Joseph Hallenbeck
March 15, 2011

Zelda: Spirit Tracks Review

Filed under: Literary Criticism

Zelda Spirit Tracks Cover

As I grow older, I increasingly become one of those gamers who spends a great deal of time reading about the hobby rather than doing it. In-between becoming a curmudgeon who complains about how they just don’t make games like they used to, I find a few games that still capture my attention. Zelda: Spirit Tracks would be one such game.

I would love to speak fondly of how Spirit Tracks embodies the wide open spaces of Ocarina, or how the interlocking and complex dungeons rivaled the masterful level design of Link’s Awakening.

Unfortunately, I cannot. The curmudgeon must come out and point out how Spirit Tracks is quite literally a game on rails. The vast sweeping steppes of Hyrule which opened up for exploration in Ocarina are no more. This new system, pioneered in the previous DS title restricts Zelda’s classical theme of exploration into a mindless grind of watching scenery fly by a train’s window.

I ought to write at great length about the more Zen aspects of Zelda, how the wandering about the luscious natural settings of an adventure game mimics the experience of a Japanese rock garden. I might point out that Miyamoto once said that he hoped that the Mario and Zelda games would elicit such an aesthetic. Nonetheless, such would be for a much longer, and vastly more academic piece. I would say that Spirit Tracks retains only a shadow of these traits. Once outside of the train, there are places to walk about, but they lack real defining character and were too small to allow me to poke around and really explore the space.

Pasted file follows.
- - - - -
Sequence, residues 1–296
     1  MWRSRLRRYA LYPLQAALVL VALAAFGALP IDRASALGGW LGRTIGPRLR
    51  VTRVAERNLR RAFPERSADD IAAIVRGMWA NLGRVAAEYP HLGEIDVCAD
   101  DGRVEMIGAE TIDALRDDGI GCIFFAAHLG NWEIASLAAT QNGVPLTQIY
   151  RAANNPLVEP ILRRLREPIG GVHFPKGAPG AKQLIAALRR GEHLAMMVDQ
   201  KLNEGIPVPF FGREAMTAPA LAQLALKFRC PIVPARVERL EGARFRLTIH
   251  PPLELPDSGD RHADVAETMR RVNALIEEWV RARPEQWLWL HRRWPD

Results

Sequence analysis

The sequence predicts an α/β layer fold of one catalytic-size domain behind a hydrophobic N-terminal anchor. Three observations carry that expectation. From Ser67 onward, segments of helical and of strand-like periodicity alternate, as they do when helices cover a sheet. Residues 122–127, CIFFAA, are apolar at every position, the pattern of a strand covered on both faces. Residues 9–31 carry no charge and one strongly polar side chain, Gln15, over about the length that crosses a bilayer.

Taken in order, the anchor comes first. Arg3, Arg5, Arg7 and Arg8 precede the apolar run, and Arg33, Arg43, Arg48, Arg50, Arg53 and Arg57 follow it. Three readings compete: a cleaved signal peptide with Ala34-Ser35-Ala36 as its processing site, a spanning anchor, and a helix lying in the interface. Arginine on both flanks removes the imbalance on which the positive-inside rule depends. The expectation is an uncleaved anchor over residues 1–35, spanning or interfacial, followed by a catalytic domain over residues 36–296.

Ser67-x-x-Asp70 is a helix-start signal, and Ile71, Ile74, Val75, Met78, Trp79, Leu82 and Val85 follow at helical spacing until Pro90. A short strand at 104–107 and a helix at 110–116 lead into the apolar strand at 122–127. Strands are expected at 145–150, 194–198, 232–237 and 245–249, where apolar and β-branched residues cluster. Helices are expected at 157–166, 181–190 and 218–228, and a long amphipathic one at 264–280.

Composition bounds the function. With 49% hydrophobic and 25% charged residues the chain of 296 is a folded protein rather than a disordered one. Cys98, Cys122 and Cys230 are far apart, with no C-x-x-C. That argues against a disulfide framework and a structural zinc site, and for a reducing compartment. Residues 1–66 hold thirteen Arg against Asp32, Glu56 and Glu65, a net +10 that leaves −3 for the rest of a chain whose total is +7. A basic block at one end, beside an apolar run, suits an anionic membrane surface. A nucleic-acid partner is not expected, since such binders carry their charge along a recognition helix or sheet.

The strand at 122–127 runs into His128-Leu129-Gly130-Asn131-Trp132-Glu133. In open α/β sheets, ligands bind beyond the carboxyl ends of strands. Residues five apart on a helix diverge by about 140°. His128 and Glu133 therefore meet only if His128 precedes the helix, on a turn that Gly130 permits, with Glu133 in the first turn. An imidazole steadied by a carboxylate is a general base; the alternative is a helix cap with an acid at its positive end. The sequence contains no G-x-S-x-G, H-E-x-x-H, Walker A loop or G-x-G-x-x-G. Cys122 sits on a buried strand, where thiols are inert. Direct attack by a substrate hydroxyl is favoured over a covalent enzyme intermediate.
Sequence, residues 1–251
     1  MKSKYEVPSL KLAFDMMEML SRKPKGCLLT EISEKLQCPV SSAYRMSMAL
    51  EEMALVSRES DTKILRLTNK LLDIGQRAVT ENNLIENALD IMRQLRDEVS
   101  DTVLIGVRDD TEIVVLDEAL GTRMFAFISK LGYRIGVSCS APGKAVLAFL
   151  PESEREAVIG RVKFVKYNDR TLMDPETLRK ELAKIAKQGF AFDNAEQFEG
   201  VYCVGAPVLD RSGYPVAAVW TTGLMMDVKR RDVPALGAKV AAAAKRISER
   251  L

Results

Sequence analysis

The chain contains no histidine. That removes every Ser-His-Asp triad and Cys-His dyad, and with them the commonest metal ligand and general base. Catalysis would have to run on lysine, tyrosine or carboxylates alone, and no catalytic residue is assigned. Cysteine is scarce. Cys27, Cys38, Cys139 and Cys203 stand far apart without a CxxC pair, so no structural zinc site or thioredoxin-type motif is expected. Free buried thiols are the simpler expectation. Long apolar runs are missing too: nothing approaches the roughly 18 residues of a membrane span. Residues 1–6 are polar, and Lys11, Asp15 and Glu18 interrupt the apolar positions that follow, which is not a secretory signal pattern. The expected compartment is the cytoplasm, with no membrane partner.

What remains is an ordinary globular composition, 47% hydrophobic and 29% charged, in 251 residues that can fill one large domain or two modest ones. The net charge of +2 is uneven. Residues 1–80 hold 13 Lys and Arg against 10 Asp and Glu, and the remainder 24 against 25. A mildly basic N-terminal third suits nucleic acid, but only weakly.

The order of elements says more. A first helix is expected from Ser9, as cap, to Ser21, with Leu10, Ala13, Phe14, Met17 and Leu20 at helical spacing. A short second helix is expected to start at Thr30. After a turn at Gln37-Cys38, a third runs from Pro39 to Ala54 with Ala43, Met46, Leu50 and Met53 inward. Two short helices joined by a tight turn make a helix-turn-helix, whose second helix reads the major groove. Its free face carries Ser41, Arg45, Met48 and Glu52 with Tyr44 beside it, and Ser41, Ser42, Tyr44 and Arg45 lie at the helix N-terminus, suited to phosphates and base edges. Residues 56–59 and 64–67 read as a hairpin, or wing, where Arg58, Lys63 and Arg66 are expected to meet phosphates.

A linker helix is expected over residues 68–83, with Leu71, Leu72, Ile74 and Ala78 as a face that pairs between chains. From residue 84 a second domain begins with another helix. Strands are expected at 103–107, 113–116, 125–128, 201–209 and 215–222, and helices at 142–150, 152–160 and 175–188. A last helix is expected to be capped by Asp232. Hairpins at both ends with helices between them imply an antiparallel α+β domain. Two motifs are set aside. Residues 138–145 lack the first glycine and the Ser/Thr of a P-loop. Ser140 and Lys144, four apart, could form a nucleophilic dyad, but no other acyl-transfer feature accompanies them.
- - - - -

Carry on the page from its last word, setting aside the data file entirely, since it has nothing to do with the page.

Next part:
Spirit Tracks is easy. This should come as no surprise as Zelda titles started sliding into the easier realm some time ago. For the old-school gamer (or the hardcore masochist) who enjoys a good round of nigh-impossible difficulty, Spirit Tracks will disappoint. Nevertheless, for those whose skills have atrophied from the demands of “adult life,” Spirit Tracks fits the mold of a good casual distraction.

The one saving grace for Spirit Tracks is its pacing. The dungeons are small, but this has the benefit of dividing the game into bit-sized chunks. Plowing through a dungeon in an hour was standard. For a short-on-time gamer, this made playing through Spirit Tracks a very enjoyable experience. It may not possess the grace of the earlier Zelda titles, but at least it is a small bone to us adventure gamers.

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